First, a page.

vegan sandwich spread

I tried this out recently. It was way cheaper than all the other vegan mayo/sandwich spreads out there, from what I’ve seen, and I was making veggie cheese steaks and wanted some mayo to go on them. I really like the stuff. Imo it’s just a hair too salty, just a teeny tiny bit, well to me anyway. Overall it’s really cost effective considering jars of vegan mayo this size are normally around $9-12 and I got this for like $3-4 and the other vegan mayos in that price range come in jars significantly smaller. So for the time being Hellman’s will be my mayo of choice!

Chickpea Smash Salad

This is a super easy, vegan sandwich filler/cracker spread that I make all the time. I think it’s similar to tuna or egg salad.

All you need is:
1 can of chickpeas (garbanzo beans),
2 tablespoons each of veganaise and mustard,
and chopped pickles & dill if you want.

Method:
open the can of chickpeas and drain. Using a fork, smash as much of the peas as you can, then pour into a bowl. Add veganaise/mustard and pickles&dill and continue mashing until there are very few whole beans left. After that, toast your bread and slather it in chickpea smash salad. I like to eat this with spinach and sliced tomatoes on warm toast as a snack.

Ben and Jerry’s Non-Dairies

Saw a comment in a facebook group asking about the ethics of buying vegan ice-cream from a primarily non-vegan company. My input:

I feel like both sides of the argument have merit: while buying non-dairy foods from dairy suppliers sends a clear message, it also provides them with the revenue to continue supporting their animal-based business. If large-scale dairy corporations didn’t start offering non-dairy alternatives, they’re soon to be bankrupt since the dairy industry is one of the fastest decreasing animal agribusinesses. You can be certain they WILL use their profits from non-dairy sales to support their dairy practices for as long as possible since people still have a hard time seeing completely animal-free foods as equal to animal-based ones. They still see vegan ice cream vs. “real” ice cream, vegan leather vs. “real” leather, etc. They still believe that the merit and authenticity of production depends on the exploitation of another species.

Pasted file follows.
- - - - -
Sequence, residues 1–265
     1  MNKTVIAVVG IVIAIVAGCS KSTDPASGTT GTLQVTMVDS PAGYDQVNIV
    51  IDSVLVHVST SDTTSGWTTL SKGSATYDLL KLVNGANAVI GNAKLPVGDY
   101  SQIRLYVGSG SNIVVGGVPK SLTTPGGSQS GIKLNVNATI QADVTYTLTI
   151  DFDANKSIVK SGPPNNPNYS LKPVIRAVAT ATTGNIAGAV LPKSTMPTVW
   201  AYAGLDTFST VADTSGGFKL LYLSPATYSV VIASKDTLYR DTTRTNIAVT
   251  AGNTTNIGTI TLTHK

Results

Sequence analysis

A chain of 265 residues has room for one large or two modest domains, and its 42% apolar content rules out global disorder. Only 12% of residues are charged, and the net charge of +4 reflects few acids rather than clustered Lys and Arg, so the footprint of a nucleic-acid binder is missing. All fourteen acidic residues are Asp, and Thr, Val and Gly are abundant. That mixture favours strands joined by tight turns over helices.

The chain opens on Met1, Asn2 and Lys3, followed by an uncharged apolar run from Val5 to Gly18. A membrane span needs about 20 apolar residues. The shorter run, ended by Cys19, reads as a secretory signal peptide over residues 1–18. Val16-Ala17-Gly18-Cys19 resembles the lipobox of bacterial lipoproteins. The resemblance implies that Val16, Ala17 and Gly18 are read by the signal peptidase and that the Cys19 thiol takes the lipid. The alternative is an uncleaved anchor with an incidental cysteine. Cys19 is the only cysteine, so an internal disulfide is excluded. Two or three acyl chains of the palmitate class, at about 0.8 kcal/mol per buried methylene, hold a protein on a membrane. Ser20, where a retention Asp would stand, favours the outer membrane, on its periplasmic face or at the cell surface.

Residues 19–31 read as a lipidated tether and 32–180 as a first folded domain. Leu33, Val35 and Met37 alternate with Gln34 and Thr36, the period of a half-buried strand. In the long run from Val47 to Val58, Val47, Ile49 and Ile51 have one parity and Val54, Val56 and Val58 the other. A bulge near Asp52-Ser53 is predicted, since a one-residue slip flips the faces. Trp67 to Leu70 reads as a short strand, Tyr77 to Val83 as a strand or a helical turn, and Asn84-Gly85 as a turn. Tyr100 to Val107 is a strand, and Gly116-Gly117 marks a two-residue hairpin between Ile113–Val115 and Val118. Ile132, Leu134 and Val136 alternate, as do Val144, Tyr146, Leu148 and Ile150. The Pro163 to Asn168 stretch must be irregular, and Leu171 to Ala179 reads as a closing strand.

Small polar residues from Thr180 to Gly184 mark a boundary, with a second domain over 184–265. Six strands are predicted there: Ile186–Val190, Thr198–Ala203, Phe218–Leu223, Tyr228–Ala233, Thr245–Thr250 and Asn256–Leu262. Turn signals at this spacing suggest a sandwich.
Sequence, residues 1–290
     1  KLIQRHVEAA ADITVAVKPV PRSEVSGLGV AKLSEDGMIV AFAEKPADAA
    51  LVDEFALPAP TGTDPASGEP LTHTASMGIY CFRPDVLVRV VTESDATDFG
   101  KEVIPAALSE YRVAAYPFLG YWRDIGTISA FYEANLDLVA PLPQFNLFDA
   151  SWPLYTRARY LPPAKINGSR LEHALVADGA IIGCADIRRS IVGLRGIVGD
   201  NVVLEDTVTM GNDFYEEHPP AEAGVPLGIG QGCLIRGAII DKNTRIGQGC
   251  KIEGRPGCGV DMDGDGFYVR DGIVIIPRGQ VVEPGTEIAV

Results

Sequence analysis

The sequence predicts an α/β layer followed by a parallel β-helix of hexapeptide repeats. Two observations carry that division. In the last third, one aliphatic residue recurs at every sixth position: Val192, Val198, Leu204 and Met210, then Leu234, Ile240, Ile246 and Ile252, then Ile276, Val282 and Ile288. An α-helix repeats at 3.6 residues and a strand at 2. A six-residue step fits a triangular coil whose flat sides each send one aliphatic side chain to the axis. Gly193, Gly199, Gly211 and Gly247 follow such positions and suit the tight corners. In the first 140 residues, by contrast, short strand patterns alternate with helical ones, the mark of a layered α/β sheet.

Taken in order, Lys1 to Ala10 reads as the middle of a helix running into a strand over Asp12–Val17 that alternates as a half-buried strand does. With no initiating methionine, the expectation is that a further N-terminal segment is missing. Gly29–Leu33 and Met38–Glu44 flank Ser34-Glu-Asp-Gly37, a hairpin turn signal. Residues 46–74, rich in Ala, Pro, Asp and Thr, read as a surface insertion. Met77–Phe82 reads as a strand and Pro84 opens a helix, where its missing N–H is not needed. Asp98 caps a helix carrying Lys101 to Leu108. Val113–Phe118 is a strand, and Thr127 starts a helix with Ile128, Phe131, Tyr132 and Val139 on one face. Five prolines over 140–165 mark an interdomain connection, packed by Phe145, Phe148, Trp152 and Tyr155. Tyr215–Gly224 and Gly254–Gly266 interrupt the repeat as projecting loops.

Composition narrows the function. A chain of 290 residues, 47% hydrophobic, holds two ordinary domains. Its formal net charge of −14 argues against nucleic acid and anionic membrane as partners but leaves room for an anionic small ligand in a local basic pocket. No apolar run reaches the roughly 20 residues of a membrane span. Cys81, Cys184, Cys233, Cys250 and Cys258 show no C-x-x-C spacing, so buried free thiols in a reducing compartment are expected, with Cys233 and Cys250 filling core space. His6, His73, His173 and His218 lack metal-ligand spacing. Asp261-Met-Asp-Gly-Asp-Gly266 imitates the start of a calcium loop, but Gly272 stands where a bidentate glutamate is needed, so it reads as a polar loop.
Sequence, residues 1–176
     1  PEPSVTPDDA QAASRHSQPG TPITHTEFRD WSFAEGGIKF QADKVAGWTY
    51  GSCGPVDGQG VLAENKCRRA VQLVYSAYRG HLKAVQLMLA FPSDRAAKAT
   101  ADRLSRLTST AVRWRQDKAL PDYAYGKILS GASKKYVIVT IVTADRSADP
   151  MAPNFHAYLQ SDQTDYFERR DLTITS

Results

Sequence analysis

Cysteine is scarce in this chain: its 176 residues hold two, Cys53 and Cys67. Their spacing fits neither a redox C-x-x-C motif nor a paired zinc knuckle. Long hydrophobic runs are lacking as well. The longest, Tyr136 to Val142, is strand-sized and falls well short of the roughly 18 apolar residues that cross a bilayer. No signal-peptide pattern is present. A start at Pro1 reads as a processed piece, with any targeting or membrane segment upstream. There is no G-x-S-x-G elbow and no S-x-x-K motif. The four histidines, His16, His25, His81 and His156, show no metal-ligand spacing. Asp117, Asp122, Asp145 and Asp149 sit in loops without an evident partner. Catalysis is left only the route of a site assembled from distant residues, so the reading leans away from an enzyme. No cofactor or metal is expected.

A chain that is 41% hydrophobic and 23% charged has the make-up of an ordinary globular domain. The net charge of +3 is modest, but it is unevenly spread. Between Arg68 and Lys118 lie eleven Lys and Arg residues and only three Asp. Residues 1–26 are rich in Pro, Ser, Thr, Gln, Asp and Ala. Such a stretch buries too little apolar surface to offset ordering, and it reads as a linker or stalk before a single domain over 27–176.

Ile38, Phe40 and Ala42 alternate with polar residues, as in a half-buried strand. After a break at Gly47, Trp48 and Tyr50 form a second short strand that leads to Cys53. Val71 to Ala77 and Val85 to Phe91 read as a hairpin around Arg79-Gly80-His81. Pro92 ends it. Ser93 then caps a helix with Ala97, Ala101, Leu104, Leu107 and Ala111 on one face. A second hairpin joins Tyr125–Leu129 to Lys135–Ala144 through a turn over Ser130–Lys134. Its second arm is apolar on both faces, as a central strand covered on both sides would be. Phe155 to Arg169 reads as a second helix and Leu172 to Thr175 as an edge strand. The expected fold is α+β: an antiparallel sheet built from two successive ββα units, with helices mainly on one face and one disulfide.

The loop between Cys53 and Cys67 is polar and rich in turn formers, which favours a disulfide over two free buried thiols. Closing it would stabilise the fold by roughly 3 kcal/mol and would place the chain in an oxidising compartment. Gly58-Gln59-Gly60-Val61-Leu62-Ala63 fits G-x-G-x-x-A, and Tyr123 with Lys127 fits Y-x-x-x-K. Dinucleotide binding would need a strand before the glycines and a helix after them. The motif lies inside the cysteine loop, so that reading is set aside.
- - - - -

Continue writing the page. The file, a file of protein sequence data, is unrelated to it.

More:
Given the option, I’d definitely buy a pint of Ben and Jerry’s non-dairy ice cream, but on average I’d like to buy from companies who make the majority of their profits from animal-free foods. After all, I want vegan companies to do well enough that THEY send a message to the dairy farmers about changing their ways, which is clearly what’s happening here! Just like Hampton Creek’s success with vegan mayo and how it convinced Hellman’s to join the vegan sandwich spread game - we’re already sending a message by buying from vegan companies.

Ideally, I’d spend 75% of my money on companies that focus on animal-free foods. And I don’t necessarily feel like spending 25% of my money on companies that prioritize animal-based foods is unethical, as it tells them to continue down the path of eliminating animals from new products, but I don’t want to give them all my money just so they can use it to support what I’m vocally against.

Ultimately, I’d like to drive the vegan discussion away from consumer brand loyalty and towards changing the minds of society in general as well as calling for serious legal intervention concerning animal exploitation. I do want to see vegan companies do well, but at the heart of it, this isn’t about choosing which company succeeds or fails, it’s about having our society shift towards animal-free living on every platform. A struggle like this has to transcend the whole “conscious consumerism/capitalism” thing about being aware of what we buy and focus on being aware of what we condone as a species. I want to make it clear that the argument isn’t “making money off of animal suffering is wrong” but that exploiting them for any purpose is simply unnecessary.